July 2022 A Criminal Waste of Space - Civil Trials: Beds in Wonderland

by Justice William W. Bedsworth

My wife is a civil lawyer. I am a criminal lawyer. We are living proof that mixed marriages work.

Civil lawyers and criminal lawyers are as different as chipmunks and whales. Forget racial, ethnic, and religious differences, civil-criminal marriages are the great-dane-and-chihuahua of relationships.

I think our backgrounds have led us to totally different outlooks on life. I spent the first twenty-four years of my career dealing with robbers, rapists, and thieves. I developed a warped view of human nature of the type forensic psychiatrists talk about: when all you see are the dregs of humanity, you begin to regard them as the norm.

My level of expectation of my fellow man is summed up by Alexander Pope’s aphorism that “he who expects nothing shall not be disappointed.” When I read headlines announcing “Scumbag Defrauds Elderly of Millions” or “Gangster Bullet Kills Honor Student,” I shake my head and mutter, “another day at the office.”

Kelly, on the other hand, suffers on those days. It makes her angry and sick to her stomach. She’s not naïve enough to expect the best of her fellow man, but reminders of just how low he can go genuinely upset her.1

Sure, there are sharp practices in civil law. But at least you rarely have to encounter felonies.

Which is good, because Kelly couldn’t handle it. Kelly is less cut out for a life of crime than anyone I’ve ever known. She insists her lack of a criminal record is the result not of any great moral fiber but out of an unshakeable conviction that if she committed a crime, she would get caught. She’s not ethical so much as cowardly.

And if she somehow avoided detection, she would spend two of the most miserable weeks of her life holed up in a dark corner worrying about getting caught. Then she would march into a police station, extend her wrists for the handcuffs, and confess. “That car that drove onto the shoulder and knocked down a trash can on Elm Street last month? That was me.”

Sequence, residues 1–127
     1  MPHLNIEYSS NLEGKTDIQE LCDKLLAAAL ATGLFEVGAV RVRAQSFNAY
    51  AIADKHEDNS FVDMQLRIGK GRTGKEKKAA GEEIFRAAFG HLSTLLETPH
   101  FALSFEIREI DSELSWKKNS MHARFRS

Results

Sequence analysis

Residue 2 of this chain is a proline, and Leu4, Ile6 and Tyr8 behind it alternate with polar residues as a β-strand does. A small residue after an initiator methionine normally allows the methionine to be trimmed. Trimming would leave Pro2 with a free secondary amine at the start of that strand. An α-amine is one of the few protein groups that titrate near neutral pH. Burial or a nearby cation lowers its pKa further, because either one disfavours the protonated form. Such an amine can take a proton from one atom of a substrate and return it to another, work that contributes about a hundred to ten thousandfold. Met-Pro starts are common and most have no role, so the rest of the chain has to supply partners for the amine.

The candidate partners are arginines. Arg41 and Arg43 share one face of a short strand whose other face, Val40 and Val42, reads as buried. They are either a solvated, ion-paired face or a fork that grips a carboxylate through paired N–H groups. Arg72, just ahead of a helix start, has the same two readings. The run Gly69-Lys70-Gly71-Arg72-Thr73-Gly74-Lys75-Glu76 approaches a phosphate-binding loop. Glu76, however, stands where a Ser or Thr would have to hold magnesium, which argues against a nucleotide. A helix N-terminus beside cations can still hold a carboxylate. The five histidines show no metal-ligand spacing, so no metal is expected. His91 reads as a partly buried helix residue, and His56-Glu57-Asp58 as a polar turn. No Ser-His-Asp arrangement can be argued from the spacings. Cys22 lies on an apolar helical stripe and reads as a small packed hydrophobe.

I, on the other hand, have a completely different approach. When I read about someone whose scam has collapsed after twelve years of selling non-existent vending machines to elderly investors in Sri Lanka, my first questions are, “How did he pull this off? How can you sell non-existent machinery for twelve years? How did he get caught? Could I have done this better than he did? Why Sri Lanka?”

Oh, I move on to moral outrage. You would not want me sentencing your guy if he’d defrauded a bunch of elderly investors.

But I don’t get there as fast as Kelly, and I don’t feel like humanity has let me down. Humanity in these cases has been as venal and unprincipled as I expected it to be. I express a short prayer that this guy2 will draw a judge whose nickname is “Maximum John” and then move on. Kelly suffers with it all day.

So help me, if I knew where to resign from this species and join up instead as a springbok or a cheetah, I’d do it. When the aliens land, my primary emotion is not going to be excitement or fear; it’s going to be embarrassment about having to admit that I belong to this group of animals.